Lions foundation helps locals, needs donations

COVINGTON -- Last fiscal year, the Georgia Lions Lighthouse Foundation helped nearly 70 Newton and Rockdale residents obtain hearing aids, eyeglasses and eye surgery.

Statewide, during the last six years, the nonprofit has grown from helping about 900 people a year to 6,500 people per year. But many Georgians still don't know about the foundation and the large need that it helps fill, according to Partnership Director Sarah Epting Gardner.

Based in Chamblee and supported by local Lions Clubs, the foundation assists legal Georgia residents who are uninsured or under-insured and fall below 100 to 200 percent of the Federal Poverty Guideline. The requirements differ depending on the service requested.

The foundation partners with 26 different clinics throughout the state and provides hearing and eye care through partnerships with corporations and physicians as well donations from individuals.

Last year, in Newton County, Georgia Lions Lighthouse spent $9,970 to help 41 individuals receive 17 hearing aids, three eye surgeries, 10 eye exams and 17 eyeglasses. In-kind services from medical providers resulted in the value of those services totaling $39,500. The Covington Lions Club contributed $2,500 to the foundation and the Oxford Lions Club donated $1,077.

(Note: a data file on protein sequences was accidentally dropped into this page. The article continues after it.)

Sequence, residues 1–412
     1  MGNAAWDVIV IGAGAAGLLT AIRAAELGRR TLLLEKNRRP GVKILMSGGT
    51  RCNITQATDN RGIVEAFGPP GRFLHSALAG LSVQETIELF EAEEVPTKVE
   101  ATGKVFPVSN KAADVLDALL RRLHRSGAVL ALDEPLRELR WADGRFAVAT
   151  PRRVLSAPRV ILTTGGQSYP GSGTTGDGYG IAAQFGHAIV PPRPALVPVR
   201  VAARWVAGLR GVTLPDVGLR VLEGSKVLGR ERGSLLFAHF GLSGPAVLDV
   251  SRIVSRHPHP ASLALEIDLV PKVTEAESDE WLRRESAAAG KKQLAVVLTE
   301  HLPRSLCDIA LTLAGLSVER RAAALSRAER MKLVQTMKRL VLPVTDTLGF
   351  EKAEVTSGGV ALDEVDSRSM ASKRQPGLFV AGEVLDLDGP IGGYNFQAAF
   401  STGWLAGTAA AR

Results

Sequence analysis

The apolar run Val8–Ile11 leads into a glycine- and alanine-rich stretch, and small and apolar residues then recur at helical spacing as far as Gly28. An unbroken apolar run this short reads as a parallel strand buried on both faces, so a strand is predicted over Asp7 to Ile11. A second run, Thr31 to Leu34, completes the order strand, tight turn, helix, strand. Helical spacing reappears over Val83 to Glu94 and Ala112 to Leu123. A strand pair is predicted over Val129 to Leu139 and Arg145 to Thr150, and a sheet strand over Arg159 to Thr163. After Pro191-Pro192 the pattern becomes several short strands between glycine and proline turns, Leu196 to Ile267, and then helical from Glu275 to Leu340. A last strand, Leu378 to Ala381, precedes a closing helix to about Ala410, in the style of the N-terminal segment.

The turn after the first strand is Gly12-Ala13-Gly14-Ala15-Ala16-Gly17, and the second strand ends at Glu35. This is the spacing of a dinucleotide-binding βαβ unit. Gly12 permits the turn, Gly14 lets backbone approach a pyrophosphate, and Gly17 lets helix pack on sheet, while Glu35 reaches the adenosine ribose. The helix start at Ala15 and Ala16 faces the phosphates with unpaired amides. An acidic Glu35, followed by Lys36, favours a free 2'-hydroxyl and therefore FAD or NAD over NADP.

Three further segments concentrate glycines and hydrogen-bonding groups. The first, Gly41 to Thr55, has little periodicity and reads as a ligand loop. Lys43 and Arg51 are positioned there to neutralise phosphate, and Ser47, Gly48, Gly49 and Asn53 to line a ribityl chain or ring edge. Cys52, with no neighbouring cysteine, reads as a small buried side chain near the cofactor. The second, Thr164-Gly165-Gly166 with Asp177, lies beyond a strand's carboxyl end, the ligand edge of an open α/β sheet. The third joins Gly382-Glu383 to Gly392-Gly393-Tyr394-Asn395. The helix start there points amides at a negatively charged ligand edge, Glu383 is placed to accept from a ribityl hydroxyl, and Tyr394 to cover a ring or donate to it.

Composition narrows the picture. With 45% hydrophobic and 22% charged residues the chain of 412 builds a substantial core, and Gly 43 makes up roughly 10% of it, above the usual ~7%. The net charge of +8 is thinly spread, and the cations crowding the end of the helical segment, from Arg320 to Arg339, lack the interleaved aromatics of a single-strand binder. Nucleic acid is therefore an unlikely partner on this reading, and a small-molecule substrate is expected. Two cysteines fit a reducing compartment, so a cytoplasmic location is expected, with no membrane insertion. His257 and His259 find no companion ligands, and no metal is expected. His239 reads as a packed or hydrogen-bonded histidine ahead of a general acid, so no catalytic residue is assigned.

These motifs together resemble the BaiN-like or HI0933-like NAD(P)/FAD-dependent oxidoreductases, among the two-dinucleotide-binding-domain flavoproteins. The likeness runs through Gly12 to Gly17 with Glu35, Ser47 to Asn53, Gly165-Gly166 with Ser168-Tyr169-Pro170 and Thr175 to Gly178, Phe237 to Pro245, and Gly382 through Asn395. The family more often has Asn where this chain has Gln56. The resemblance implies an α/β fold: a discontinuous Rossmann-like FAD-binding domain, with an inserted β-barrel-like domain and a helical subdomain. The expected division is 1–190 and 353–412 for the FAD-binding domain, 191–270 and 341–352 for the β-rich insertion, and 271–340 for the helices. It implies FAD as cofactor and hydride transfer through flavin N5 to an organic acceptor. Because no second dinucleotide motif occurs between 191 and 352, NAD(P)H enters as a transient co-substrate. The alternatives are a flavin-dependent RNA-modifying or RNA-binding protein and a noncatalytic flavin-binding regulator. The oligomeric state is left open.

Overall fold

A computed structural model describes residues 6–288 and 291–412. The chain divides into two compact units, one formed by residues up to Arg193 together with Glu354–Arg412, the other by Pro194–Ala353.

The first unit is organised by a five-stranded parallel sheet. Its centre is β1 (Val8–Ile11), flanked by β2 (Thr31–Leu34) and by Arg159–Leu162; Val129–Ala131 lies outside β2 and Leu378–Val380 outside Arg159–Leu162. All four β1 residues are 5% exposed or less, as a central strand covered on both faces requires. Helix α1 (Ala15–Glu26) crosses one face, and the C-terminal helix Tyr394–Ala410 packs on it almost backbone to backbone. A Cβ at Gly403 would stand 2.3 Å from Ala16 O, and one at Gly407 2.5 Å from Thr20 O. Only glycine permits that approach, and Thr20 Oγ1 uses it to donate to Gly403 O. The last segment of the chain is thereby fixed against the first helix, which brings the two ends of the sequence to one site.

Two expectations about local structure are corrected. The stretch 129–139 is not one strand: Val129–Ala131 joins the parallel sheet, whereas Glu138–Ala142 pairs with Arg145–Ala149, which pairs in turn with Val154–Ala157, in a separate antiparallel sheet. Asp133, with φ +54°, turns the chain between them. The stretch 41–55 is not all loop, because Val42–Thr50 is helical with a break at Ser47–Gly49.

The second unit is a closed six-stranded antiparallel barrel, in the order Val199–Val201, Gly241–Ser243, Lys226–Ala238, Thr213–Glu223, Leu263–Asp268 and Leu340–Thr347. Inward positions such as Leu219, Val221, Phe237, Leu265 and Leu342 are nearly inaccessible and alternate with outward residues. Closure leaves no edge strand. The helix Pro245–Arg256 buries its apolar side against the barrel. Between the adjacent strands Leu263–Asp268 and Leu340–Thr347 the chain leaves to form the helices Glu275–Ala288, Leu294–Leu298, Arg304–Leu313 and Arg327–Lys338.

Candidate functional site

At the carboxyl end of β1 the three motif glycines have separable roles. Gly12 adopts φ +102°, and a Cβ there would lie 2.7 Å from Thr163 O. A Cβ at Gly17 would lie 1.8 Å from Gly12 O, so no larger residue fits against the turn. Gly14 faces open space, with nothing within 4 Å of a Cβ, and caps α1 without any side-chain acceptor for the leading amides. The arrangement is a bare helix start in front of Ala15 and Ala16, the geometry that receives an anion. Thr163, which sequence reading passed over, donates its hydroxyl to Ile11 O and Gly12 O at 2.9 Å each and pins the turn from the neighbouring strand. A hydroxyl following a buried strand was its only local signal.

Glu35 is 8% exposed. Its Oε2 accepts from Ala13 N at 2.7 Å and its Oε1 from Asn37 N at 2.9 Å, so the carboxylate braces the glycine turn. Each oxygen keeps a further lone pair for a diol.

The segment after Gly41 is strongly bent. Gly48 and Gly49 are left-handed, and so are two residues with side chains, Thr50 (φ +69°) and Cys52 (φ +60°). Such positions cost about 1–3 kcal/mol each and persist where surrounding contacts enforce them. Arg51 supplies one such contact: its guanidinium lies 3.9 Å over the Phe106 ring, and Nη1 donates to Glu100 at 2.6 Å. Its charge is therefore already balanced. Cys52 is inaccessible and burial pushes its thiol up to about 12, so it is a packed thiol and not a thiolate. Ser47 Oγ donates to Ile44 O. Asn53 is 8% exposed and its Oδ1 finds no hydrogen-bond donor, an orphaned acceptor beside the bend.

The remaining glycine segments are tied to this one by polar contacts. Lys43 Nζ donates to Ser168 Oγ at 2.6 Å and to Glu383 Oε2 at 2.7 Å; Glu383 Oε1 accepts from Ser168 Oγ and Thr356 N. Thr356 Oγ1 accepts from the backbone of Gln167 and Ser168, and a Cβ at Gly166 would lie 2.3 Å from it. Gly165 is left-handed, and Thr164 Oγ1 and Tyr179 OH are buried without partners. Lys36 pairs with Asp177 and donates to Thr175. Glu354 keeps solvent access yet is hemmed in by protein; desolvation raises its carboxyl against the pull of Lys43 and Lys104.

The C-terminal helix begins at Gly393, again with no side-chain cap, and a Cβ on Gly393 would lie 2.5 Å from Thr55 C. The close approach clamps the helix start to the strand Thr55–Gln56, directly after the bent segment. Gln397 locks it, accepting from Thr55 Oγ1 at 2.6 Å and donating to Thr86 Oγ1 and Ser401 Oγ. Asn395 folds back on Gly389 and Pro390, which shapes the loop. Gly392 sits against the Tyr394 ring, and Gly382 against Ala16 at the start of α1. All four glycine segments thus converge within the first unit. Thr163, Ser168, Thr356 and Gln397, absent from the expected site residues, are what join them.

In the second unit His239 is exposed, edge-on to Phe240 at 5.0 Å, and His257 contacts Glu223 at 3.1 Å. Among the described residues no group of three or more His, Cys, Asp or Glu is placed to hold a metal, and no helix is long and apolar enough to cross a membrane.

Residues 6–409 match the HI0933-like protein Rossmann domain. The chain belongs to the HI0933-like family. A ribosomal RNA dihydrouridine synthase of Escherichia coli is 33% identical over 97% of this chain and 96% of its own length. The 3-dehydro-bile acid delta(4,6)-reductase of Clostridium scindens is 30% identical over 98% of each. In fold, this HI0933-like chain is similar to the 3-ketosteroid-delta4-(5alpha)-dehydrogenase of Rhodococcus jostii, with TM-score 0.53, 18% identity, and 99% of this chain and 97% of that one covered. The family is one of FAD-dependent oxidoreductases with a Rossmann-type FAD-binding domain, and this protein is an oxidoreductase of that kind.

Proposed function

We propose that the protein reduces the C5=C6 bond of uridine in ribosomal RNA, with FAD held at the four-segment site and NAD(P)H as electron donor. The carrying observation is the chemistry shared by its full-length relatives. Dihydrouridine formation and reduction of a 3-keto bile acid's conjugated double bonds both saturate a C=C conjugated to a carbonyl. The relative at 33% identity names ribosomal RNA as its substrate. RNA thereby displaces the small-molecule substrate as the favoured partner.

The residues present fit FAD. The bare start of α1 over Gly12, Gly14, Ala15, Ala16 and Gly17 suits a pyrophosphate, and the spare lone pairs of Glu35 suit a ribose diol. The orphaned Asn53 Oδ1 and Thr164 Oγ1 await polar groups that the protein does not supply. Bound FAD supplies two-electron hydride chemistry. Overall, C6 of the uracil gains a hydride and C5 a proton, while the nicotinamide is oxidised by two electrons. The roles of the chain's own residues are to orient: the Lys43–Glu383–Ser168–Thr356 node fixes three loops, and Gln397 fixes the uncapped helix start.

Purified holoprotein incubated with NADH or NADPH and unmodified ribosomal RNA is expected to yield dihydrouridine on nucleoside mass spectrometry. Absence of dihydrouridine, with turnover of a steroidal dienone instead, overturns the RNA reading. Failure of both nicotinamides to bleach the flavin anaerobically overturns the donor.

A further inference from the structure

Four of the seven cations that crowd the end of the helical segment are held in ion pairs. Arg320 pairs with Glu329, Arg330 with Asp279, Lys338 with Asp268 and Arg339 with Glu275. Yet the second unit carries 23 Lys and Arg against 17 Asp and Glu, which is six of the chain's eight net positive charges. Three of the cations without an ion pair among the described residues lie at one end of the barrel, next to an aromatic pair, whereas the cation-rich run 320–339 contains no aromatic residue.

In Rockdale, 28 individuals were assisted last year, receiving 21 eyeglasses, 15 eye exams, one eye surgery and four hearing aids. The foundation contributed $4,660 and the total value of services, reached through in-kind donations, was $13,518. The Conyers Lions Club donated $2,365.

Gardner said there are 1.5 million Georgians living below the 200 percent Federal Poverty Guideline, so the need for the nonprofit's services is greater than what it can currently meet.

"There is a lot of confusion and misinformation about the need. For instance, I am getting a lot of questions about whether or not the new health care mandate would make our services needed. The reform stipulates that low-income residents will be exempt from the mandate," Gardner said. "In addition, there are very few insurance plans, government-run or otherwise, that cover vision or hearing. In fact, over 30 percent of the people we help in our vision and hearing program have Medicaid, Medicare or both, but neither cover hearing aids or eyeglasses."

Georgia Lions Lighthouse is targeting Conyers as a site for a new eye clinic; Gardner said the hope is that it will open next year.

The foundation is currently in a rush to raise $5,000, the amount left in a challenge grant issued by an individual who promised to donate $20,000 if Georgia Lions Lighthouse could raise $80,000. The remaining $5,000 must be raised by Dec. 31, Gardner said.

Donations can be made at www.lionslighthouse.org/give or mailed to 5582 Peachtree Road; Chamblee, GA; 30341. Donations that are made to the local Lions Clubs will not count toward this specific grant.